Let’s see what P3 does.

PAGE THREE (four panels)

Panel 1. BORIS speaks, with the huge tree behind him. He is holding hands with people on both sides. He is clearly the leader, and is sermonising. He is a large guy with a thick ginger beard and long hair who does appear to be truly Christ-like in his religious fervour. He wears the most impressive headpiece, made to look like a monkey, along with the same white ceremonial clothing. (You say he’s wearing the most impressive headpiece, but to me, it sounds like just another animal hat. What makes it THE MOST impressive? Is it the intricacies in the details or perhaps the material it is made of? Explain.)

Fellow forest-folk! Behold Eternal Tree, the ancient wonder that shields and protects us all, be we bird, ape or frog! (Not liking this dialogue for at least two reasons: 1) The people aren’t tourists from what I can gather, so Boris is saying “Behold” to people who already live there, and 2) I find it funny that you say that the tree protects animals, but forget to mention people in that list.)

Panel 2. BORIS, surrounded by a section of the circle of worshipers – around five of them. On his right, holding his hand, is LEB. On Boris’ right is GUY, a typically hippyish (There’s that word again: “hippyish”. Can you say, instead, that he is hippy looking or that he looks like a hippy?) young man with a joyous naivete about him. (How do you want the artist to show “joyous naivete”? Give us more of a visual direction in how his facial expression and body language will represent that character trait.) He wears a treefrog headpiece. They all look on at Boris with adoration, most obviously LEB. (Why “most obviously LEB”? You haven’t established a personal relationship at this point between the two characters, so this is not “obvious”. Besides, you also state that they all look at Boris with adoration, meaning you’d have to show even MORE adoration on the part of Leb. See what I mean?) The OTHER TWO WORSHIPPERS (You said there were around five worshippers at the beginning of this panel description, but then only count four, with Leb, Guy, and these two others. If it’s four, say four, not “around five”.) wear headpieces of a crocodile and a wolf. All of them wear white ceremonial dresses embellished with flowers. (This “flower” detail should have been mentioned when the introduction of the white garb was first made. Now it’s an afterthought, forcing the artist to go back and add those details.)

Your energy is the energy of the Earth, whose eternal spirit – which we know as Aan – is passed from grass blade to sapling to rose plant. (There was a definite stop in the flow of your dialogue with the convenient addition of “which we know as Aan”. If Boris is trying to create a soothing mood, he’d let his words flow out, not add a by-the-way statement. And again, this sounds like he’s talking to tourists or newcomers.)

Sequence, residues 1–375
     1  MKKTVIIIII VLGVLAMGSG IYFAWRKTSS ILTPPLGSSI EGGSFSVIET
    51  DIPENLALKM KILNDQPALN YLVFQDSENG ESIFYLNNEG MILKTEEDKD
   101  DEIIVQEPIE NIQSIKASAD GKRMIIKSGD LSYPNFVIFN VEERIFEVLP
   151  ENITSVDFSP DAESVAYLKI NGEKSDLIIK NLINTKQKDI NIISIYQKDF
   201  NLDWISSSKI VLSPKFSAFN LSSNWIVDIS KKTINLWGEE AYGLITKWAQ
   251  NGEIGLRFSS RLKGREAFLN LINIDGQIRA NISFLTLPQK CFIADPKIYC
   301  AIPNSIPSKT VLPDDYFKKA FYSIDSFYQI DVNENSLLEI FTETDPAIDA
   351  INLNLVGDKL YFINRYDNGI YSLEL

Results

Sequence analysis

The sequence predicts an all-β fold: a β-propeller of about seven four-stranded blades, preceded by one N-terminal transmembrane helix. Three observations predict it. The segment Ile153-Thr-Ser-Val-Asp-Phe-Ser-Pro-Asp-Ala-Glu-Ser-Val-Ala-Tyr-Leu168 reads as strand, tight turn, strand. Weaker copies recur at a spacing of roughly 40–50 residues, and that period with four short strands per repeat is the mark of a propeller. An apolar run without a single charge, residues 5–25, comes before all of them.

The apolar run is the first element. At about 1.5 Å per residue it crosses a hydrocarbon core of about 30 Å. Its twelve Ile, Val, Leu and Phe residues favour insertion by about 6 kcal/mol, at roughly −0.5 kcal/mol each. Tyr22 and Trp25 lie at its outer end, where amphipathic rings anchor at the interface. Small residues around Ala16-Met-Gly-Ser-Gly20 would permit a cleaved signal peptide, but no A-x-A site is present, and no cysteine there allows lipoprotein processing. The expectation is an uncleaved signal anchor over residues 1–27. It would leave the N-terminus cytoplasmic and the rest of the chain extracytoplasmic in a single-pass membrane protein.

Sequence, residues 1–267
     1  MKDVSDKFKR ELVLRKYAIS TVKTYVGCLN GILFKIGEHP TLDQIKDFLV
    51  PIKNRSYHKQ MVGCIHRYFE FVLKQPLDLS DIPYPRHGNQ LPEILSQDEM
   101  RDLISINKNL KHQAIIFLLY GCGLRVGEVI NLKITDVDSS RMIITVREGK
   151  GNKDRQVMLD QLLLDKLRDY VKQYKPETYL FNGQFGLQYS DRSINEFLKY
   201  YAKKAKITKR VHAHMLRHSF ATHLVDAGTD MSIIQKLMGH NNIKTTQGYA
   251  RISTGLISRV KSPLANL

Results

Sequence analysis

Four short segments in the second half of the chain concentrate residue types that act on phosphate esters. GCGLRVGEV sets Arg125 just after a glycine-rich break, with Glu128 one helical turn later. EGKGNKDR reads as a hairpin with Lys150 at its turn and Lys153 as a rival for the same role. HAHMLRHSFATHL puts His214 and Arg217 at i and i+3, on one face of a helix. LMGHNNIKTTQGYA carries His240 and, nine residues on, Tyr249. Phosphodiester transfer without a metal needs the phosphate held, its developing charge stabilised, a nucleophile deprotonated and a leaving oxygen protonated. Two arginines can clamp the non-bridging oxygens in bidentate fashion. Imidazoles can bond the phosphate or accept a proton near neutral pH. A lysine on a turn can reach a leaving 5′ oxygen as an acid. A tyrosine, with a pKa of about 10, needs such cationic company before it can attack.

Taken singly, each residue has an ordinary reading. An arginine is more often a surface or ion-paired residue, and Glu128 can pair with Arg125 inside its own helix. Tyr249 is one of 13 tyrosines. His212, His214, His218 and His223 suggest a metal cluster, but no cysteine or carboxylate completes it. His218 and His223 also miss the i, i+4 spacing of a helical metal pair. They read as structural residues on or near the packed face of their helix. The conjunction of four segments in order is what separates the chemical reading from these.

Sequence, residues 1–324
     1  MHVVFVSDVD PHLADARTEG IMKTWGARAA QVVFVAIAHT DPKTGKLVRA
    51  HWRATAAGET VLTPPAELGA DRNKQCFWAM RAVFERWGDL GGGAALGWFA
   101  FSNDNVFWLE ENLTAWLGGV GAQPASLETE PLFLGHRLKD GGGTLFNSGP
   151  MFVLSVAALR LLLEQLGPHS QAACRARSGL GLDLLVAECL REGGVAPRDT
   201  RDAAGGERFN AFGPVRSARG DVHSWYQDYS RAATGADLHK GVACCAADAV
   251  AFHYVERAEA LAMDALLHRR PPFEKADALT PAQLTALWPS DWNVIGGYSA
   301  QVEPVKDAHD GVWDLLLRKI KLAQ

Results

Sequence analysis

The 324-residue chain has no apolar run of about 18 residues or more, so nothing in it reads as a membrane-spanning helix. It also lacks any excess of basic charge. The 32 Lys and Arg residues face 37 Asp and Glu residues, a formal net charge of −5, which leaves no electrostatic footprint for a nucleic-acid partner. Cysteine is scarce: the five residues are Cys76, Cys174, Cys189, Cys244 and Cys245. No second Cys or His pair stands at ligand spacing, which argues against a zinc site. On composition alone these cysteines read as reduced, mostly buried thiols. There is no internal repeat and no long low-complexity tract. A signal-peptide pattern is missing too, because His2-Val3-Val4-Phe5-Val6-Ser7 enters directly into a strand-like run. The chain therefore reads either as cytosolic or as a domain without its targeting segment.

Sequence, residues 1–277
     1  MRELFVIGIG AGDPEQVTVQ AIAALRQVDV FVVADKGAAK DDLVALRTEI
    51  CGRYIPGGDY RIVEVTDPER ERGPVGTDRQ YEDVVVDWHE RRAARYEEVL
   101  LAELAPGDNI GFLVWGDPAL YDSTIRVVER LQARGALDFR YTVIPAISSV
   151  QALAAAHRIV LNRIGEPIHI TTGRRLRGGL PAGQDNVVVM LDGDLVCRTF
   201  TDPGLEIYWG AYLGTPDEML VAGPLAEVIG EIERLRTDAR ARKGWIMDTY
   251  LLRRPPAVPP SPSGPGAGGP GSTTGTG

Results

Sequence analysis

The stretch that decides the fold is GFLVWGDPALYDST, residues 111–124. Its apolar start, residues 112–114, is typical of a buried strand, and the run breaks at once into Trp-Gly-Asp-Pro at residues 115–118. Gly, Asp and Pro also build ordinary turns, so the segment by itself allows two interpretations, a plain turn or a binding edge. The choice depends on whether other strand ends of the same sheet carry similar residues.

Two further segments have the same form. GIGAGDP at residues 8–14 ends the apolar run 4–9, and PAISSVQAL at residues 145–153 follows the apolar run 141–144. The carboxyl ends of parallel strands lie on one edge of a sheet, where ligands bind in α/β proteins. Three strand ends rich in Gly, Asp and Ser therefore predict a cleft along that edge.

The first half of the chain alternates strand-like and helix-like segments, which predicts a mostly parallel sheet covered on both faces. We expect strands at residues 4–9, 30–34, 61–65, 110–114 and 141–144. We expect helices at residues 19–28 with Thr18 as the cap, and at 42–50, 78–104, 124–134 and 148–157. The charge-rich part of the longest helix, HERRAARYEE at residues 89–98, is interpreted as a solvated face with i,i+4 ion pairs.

Panel 3. BORIS, seen from the side reaches his arm outwards as he continues his passionate eulogy. (This whole “passionate eulogy” thing is prose writing and doesn’t help the artist to envision the image. In other words, it has no place in a panel description.)

Aan is the sub-atomic elemental seed in all green matter, which may allow us creatures to achieve eternal status… if we can but find it within us. (Terrible. Is he a scientist, spouting off technical facts? Also, this is, for lack of a better term, wishy-washy. Eternal status? How? And that last bit of “if we but find it within us”? This is just plain not good.)

Panel 4. FIVE WORSHIPPERS, all with their own jungle-creature head pieces, stand hand in hand listening to Boris with adoration. In the background we can the tree houses, and in one of the windows is the shadowy outline of someone watching – ANSELM. (Where is your camera? Are these the same “five people” who you had standing around Boris in an earlier panel or are they the people who are opposite Boris in the circle? You’re also being awfully specific with your numbering. Is there a reason for five people and only five being in this panel? You also state that they are wearing other jungle creature headpieces. Can two people have the same headdress? Finally, unless you can tell it’s Anselm in the window, don’t name him. It’s needless information. Leave it as a simple silhouette.)

And so, eat the leaves of this forest, breath breathe its sweet breath, feel the sticky dew on the grass beneath our feet, and be at one with the ever-living spirit!

This was not a good page. You spent four panels doing something that could have been shown in one. You also have so little text that you’ve tried spreading out amongst those four panels, making it one pause after another. If all dialogue were in one panel, then you wouldn’t have those pauses created by multiple stills. I’m going to go one more page before stopping.

P3…and everyone is unhappy.

Okay, here’s the thing: the panel descriptions are okay, needing some polish. The dialogue? Oh. My. Wow. Terrible doesn’t even begin to approach the description of how bad this is. It’s just wrong, from top to bottom.